This possibility is uncommonly alarming. I support your action. Although retired and low on energy, this shook me loose. I’m likely to call my senators tomorrow, as well as my excellent Rep., Ed Markey.

    We live in a time when de-civilizing influences are quite strong; sometimes, they are so stupid that they disable themselves, but many others, equally bad, require strong countermeasures. (I just finished reading Chas. Pierce’s _Idiot America_.)

    I’m user Nikevich on Wikipedia, not that that matters much.

    I also was delighted that the “alternate-dialect” spelling was quickly corrected; were it not, you surely would have heard from me!

    Best regards,
    [nb]

  11. Nicholas Bodley says:

    This possibility is uncommonly alarming. I support your action. Although retired and low on energy, this shook me loose. I’m likely to call my senators tomorrow, as well as my excellent Rep., Ed Markey.

    We live in a time when de-civilizing influences are quite strong; sometimes, they are so stupid that they disable themselves, but many others, equally bad, require strong countermeasures.

    I’m user Nikevich on Wikipedia, not that that matters much.

    I also was delighted that the “alternate-dialect” spelling was quickly corrected; were it not, you surely would have heard from me!

    Best regards,
    [nb]

  12. Racer X 69 says:

    I wholeheartedly support this action on the part of Wikipedia.

    The federal government is overstepping their authority, at the manipulation of the big business lobby. The record companies have failed to re-invent themselves to keep up with the digital revolution. The software companies continue to come up with “newer” updated versions of software when the current or original version is just fine. The anti-virus companies keep creating newer versions of their applications, and they likely are the ones who are creating the viruses and trojans in the first place, to support their multi-billion dollar industry.

    Our elected officials in DC fail to work for the people who have elected them, as they are influenced and coerced by the lobbyists. Congratulations to Wikipedia for having the intestinal fortitude to stand up for the people.

    Thank you!

  13. Jordan Hurley says:

    Hurrah for wikipedia!Finally some backbone.

  14. Donald Langhorne says:

    I was at first very irritated when I saw that Wikipedia was taking a political stand on any issue, I actually had no knowledge of these bills and after reading these bills, not only am I too very opposed to them but I also understand the threat these bills pose to Wikipedia itself, and because these bills are not simply a way for Wikipedia to push their own political agenda, but rather to ensure their survival, I fully support your decision.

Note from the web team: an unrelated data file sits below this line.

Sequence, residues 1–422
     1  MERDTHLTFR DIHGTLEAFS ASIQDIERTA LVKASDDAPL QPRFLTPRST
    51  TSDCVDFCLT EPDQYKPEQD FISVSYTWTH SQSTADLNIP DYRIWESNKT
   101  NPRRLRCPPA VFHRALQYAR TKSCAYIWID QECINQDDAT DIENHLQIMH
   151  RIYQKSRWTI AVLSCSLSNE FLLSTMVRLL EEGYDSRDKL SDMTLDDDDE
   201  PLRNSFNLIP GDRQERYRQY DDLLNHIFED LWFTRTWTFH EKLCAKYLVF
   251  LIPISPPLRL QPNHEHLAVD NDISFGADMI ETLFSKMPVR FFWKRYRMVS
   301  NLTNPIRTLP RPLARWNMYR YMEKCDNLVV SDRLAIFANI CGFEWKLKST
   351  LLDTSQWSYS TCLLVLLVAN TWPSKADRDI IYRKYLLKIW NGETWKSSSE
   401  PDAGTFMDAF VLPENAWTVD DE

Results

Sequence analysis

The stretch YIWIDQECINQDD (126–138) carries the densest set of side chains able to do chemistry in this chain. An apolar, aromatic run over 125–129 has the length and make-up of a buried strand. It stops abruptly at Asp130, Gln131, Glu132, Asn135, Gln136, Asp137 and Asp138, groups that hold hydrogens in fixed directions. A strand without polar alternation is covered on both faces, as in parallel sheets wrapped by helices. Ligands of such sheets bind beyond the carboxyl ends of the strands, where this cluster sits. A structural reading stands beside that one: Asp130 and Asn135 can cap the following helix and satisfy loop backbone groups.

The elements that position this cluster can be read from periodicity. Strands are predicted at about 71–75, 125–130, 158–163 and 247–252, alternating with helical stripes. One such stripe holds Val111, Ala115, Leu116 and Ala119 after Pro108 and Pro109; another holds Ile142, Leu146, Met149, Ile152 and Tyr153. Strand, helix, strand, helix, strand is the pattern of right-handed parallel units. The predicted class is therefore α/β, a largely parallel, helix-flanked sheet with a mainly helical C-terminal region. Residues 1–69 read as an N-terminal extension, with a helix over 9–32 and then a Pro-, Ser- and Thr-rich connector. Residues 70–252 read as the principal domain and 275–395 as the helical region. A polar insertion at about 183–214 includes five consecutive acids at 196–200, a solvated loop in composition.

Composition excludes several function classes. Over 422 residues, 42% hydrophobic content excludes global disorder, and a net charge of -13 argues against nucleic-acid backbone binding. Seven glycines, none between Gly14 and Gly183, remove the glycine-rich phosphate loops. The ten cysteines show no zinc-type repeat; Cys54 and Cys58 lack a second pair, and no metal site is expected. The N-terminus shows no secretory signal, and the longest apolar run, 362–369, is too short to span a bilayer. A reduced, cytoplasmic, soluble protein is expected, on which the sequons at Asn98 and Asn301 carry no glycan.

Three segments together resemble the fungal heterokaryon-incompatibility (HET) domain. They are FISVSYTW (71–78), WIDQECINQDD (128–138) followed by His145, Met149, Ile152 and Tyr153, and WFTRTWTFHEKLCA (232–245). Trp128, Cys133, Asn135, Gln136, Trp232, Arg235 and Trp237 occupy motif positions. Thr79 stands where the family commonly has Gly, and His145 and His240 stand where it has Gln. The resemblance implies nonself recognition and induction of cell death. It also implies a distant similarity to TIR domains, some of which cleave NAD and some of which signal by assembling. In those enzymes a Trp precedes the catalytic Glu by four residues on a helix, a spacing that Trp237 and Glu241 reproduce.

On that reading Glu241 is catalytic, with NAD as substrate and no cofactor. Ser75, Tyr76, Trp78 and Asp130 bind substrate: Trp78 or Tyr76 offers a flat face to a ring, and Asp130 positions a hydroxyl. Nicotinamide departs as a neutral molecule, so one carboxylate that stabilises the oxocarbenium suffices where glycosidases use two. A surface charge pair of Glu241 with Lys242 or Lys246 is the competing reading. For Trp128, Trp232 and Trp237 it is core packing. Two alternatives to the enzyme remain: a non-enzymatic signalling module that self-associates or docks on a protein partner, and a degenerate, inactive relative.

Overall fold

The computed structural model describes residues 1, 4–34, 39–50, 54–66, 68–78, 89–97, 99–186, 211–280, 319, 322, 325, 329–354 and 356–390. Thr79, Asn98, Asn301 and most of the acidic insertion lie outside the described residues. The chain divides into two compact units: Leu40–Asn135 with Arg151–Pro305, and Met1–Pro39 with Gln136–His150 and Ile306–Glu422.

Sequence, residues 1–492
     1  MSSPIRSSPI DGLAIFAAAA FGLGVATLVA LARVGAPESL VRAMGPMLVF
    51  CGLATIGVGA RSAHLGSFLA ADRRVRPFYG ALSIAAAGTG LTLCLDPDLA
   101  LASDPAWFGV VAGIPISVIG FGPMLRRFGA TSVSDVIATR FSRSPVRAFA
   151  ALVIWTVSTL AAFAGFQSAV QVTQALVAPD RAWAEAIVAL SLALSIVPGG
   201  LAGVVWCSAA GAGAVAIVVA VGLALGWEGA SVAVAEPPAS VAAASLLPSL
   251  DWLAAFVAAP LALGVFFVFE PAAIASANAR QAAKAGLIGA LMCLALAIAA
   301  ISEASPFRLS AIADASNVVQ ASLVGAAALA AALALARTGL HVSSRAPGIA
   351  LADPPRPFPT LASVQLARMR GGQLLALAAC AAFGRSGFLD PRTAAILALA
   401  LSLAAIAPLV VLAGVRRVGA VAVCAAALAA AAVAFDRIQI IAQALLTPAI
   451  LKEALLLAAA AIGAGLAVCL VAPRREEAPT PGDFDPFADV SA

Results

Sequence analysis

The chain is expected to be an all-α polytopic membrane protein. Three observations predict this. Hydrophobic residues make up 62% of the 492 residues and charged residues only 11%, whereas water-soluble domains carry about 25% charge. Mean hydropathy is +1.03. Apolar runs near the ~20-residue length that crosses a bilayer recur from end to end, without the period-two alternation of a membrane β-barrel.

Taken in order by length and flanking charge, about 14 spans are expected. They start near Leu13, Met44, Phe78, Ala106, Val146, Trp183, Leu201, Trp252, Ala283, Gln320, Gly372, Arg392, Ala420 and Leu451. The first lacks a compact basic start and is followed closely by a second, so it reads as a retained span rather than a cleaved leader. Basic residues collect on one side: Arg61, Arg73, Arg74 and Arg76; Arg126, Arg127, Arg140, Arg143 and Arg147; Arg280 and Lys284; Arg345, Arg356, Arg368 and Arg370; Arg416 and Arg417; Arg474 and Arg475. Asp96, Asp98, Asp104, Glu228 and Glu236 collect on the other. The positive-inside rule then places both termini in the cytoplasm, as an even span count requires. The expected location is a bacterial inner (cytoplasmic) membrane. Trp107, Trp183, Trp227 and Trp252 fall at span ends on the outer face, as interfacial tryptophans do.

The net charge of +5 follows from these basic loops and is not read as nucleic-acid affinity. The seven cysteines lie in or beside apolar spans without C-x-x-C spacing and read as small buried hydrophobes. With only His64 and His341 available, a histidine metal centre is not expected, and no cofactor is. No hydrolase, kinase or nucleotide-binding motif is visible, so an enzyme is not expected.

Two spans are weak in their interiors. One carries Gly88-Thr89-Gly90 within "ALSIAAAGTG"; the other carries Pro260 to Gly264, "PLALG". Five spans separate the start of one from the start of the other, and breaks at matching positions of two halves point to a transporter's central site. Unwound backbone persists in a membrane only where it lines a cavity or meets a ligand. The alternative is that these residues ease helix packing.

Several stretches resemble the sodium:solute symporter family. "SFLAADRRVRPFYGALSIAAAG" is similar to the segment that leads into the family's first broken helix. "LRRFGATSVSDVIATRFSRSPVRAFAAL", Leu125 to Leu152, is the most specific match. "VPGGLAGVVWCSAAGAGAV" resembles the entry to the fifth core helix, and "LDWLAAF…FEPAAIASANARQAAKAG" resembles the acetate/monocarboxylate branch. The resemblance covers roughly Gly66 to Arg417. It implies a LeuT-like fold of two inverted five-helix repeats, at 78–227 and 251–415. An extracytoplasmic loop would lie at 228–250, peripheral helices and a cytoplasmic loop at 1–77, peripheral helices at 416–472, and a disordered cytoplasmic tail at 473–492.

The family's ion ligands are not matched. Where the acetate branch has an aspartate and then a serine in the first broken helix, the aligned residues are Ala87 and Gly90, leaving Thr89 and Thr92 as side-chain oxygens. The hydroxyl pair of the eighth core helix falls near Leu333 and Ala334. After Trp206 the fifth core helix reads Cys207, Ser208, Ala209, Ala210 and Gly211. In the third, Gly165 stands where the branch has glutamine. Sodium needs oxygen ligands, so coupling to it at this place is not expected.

Sincerely,

    Donald Langhorne

  15. Katherine Anne Stansbury says:

    Smart move. Thank you.

  16. Kevin says:

    On your side, guys. Let’s hope we can find a way to fight online piracy without compromising the freedoms of innocent people.

  17. amro M.saeed says:

    I totally agree

  18. Nana says:

    Sounds like a difficult decision to make, and while I’ll miss Wikipedia- even for just 24 hours!- I fully support the position you’ve chosen to take against the proposed legislation.

  19. This country was founded on the principles of freedom of speech and liberty for all. Let it remain that way for future generations to come. Wikipedia is my source of information: dictionary, poetry, history, music and much more.It only takes one click of the mouse and a world of knowledge is at my command! I agree with you for a free and open internet for everyone in the world. I wish you luck in pursuing your goal. May God bless your effort, and may you win your fight. Kind Regards, Andrew Crisci.

  20. Concerned Wikipedian says:

    While I too strongly oppose the SOPA and PIPA legislation, I’m wondering if there is any concern about taking such action from the standpoint that there are legal restrictions on what lobbying 501(c)3 organizations are allowed to do? Has this been considered by the legal team?